Aug. 13, 1932: The California Bears crew wins the Olympic gold medal for men’s eights rowing at the Long Beach Marine Stadium, beating by inches the Italian crew from the University of Pisa. Canada won the bronze and Great Britain was fourth.
Fifty-two years later, after attending a reunion of the Cal Bears crew, Times staff writer Bill Christine reported in a July 31, 1984 article:
OAKLAND – They stand ramrod straight, all them 6 feet or more. They all weigh within 10 pounds of what they weighed 52 years ago, and one of them actually weighs 10 pounds less.
They all received degrees from the University of California and have been successful in the business and professional world.
Now, all in their early 70s, they are the seven surviving crew members of the U.S. eight that beat Italy by inches for the gold medal in the 1932 Olympic Games, in what broadcaster Ted Husing said was the most thrilling sports event he ever covered.
Four of them – Edwin Salisbury, Duncan Gregg, David Dunlap and Burton Jastram – live in the San Francisco area. James (Bud) Blair and Winslow live in the foothills of the Sierra Nevada. Harold Tower, an optometrist, lives near San Diego. Norris Graham, the coxswain for the eight, died in 1979, and Charles Chandler, another member of the team, died in 1982, about three months after crew day at Berkeley, where they got into a shell and rowed for a souvenir photograph….
During an era when the U.S. eight consisted of the best collegiate crew in the country (instead of the current system, which is a blend of oarsmen from several schools), the Americans monopolized the event. Starting in 1920, the United States won eight straight golds in the event, including the first place finishes by California crews in 1928, 1932 and 1948.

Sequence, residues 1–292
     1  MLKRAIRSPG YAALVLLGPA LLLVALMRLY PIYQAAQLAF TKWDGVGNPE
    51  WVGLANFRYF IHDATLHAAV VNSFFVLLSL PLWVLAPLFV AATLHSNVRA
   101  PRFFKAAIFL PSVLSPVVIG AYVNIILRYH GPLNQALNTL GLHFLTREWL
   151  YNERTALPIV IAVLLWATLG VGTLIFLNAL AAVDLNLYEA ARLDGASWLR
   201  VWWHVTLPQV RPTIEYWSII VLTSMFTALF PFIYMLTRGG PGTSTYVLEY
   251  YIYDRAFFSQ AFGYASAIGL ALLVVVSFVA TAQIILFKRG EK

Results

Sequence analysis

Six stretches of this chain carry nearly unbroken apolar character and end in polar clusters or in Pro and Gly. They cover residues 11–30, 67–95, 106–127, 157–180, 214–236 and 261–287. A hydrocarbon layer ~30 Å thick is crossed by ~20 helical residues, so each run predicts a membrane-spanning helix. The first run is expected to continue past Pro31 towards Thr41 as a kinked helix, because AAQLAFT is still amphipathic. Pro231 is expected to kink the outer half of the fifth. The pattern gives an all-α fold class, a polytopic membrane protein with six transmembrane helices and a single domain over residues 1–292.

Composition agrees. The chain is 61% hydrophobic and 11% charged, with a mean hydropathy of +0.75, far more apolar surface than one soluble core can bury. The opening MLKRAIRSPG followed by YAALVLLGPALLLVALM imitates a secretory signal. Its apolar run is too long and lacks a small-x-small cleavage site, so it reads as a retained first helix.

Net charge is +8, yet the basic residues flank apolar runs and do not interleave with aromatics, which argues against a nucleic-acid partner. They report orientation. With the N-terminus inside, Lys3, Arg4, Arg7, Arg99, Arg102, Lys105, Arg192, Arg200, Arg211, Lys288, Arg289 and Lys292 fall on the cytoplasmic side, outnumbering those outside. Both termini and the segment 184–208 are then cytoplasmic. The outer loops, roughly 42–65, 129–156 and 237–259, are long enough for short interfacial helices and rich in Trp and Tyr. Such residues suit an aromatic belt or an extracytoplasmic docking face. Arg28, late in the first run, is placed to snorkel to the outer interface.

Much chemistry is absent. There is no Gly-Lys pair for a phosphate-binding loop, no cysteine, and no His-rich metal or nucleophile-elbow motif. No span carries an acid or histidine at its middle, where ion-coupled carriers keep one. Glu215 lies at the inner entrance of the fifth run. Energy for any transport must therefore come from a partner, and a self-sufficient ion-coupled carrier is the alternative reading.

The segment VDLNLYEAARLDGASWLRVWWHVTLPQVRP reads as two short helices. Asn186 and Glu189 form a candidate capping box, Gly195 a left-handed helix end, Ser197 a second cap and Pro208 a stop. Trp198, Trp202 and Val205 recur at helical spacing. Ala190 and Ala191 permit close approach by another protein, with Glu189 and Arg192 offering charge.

“To give you an idea of how important rowing was at Berkeley when we were there,” Blair said, “sixty athletes would try for the football team, but there’d be 100 going out for crew.”…
In the final, the United States was in the No. 1 lane, with Canada, Britain and Italy alongside.
The Italians, wrote Damon Runyon, who covered the race, were in “the best lane because they are in the lee of a bank of the course, protected from a cross-wind that keeps the flags flattened out against the skyline.”…
Italy, using a short, high stroke, took an early lead. Cal and Canada were bothered by the wind at the start, rowing three to four strokes less than the Italians.
At 400 meters, however, the Americans took the lead by a quarter of a length. At 1,200 meters, Italy and the Americans were even and seemed to be rowing in unison until they hit the 1,500 meter mark.
With 100 meters to go, Italy took a lead of about 3 feet.
“This last few hundred yards were about as … spellbinding as any race could possibly be,” wrote Allison Danzig in the New York Times. “Neck and neck the American and Italian eights, both hard-catching, short stroking crews, came down the lagoon in an absolute dead heat, both of them hitting a terrific beat of 40 or over, with Canada and Great Britain churning the water furiously in a granitic effort to overtake them.”
Danzig called it a miracle as the American shell edged ahead of the Italians at the finish line. The margin was inches, the time 6:37.3…
“Maybe Graham [the coxswain[ knew who won, but nobody else did,” said Gregg. “We didn’t know until the band struck up, ‘California, Here I Come.’ Funny, isn’t it that there’s now talk about making that the state song.”…
After the official announcement, the men from Berkeley threw Graham into the water, a rowing tradition.
The above photo gallery includes images from 1932 and a photo from the 1982 reunion mentioned in Christine’s story.